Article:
Oh, and I self-released another album called Aperture, on which I collaborated with a bunch of my friends who produce and play instruments. My wonderful autistic stepson makes a brief cameo in “A Lucid Dream,” I scratch my Pink Floyd itch in “Jekyll & Hyde,” I indulge my nihilistic side in “Reckless Millennial,” I express my wanderlust in “Eden,” and I once again collaborate with Lea Luna in “Stuck in my Head.” It goes to some dark places and some funny places. It’s all over the place, and I wanted it that way. The release party was one of the last shows at Beta before they closed down.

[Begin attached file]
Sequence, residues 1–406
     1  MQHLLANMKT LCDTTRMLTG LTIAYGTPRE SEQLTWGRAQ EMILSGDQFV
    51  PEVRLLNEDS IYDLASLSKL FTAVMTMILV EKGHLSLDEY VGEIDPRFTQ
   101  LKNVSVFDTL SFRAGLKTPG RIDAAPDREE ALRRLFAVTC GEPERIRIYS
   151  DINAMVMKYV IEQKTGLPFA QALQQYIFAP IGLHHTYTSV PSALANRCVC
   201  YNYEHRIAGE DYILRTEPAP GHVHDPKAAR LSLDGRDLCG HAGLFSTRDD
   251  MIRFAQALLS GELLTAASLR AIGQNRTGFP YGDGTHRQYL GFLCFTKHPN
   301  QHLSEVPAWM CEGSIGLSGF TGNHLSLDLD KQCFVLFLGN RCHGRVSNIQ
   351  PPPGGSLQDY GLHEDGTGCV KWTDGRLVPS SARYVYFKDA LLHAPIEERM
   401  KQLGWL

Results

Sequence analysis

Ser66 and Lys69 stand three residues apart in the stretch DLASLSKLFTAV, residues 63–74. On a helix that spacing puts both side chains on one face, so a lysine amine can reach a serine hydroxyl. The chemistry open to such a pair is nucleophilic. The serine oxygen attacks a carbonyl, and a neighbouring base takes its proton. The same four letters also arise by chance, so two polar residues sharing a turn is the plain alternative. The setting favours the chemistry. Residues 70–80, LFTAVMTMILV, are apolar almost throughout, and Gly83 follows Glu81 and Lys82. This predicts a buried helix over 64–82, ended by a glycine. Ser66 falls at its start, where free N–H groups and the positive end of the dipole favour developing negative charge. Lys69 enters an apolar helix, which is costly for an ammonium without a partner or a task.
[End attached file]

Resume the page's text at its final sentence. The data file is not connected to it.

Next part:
Currently, I am adding to my repertoire of sample pack work (between 2012 and 2014, I produced some top-selling sample packs for Beatport Sounds and their sublabel Sounds to Sample). In 2021, I’m, doing commissioned sound design for synth company Roland through Carma Studio. Some time in April of 2021, the audiobook that I narrated for “Sex.Drugs.DJ” by Blake Sheridan will be released. But the thing I’m currently looking forward to the most is releasing my collaboration with Tonal Space, “Scorpio” on the legendary Belgian imprint, Bonzai Progressive.

My other recent releases are less prolific, but they can be found on my artist pages on every digital music streaming service. “Make Weird Cool Again” from my “Dissolution EP” was in the top-10 Indie Dance charts on Beatport for a while, and my murder-themed Synthwave projects (which I will likely compile into a complete album titled, “Murderwave”) have gotten some traction as well.

As far as what the rest of 2021 and beyond have in store, only time—and my, uh, “hustle,” I guess—will tell.